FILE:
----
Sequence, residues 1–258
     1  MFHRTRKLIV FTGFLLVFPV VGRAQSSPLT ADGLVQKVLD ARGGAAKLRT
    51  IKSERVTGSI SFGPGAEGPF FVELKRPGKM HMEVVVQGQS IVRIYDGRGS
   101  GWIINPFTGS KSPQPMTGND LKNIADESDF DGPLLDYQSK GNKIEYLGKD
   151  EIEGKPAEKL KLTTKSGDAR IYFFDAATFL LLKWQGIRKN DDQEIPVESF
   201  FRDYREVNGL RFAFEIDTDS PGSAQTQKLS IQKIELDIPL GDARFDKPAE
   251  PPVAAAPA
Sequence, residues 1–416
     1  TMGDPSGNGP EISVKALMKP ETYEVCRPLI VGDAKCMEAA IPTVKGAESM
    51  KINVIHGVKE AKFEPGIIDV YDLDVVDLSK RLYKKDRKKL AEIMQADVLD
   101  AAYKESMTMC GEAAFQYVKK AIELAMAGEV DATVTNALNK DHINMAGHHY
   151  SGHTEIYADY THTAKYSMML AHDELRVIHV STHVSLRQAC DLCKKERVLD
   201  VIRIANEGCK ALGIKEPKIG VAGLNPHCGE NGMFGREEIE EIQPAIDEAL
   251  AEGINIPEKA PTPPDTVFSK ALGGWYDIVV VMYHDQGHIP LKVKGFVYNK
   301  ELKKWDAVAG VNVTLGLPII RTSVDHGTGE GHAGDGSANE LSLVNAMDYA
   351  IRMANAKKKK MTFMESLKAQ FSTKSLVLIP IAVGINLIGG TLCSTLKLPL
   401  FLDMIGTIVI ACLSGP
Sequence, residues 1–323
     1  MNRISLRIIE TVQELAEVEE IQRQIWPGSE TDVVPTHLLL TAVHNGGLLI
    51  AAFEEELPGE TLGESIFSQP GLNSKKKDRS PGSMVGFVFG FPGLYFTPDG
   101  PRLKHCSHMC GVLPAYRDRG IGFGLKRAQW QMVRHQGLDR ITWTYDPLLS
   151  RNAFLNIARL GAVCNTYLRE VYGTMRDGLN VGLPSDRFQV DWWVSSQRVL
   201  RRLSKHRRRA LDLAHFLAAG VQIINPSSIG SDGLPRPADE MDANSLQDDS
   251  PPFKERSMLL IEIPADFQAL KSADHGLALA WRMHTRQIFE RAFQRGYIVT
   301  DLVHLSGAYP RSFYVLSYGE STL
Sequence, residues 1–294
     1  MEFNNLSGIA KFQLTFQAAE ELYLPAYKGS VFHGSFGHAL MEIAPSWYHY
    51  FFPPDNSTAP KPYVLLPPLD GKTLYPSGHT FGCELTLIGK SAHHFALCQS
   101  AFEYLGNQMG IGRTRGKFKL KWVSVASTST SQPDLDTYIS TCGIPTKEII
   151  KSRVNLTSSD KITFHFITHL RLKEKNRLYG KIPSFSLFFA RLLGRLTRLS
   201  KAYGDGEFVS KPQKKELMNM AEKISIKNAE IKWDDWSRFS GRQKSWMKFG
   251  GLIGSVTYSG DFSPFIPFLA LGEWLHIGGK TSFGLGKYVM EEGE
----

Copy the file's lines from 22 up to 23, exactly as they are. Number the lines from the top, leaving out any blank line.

   151  RNAFLNIARL GAVCNTYLRE VYGTMRDGLN VGLPSDRFQV DWWVSSQRVL
   201  RRLSKHRRRA LDLAHFLAAG VQIINPSSIG SDGLPRPADE MDANSLQDDS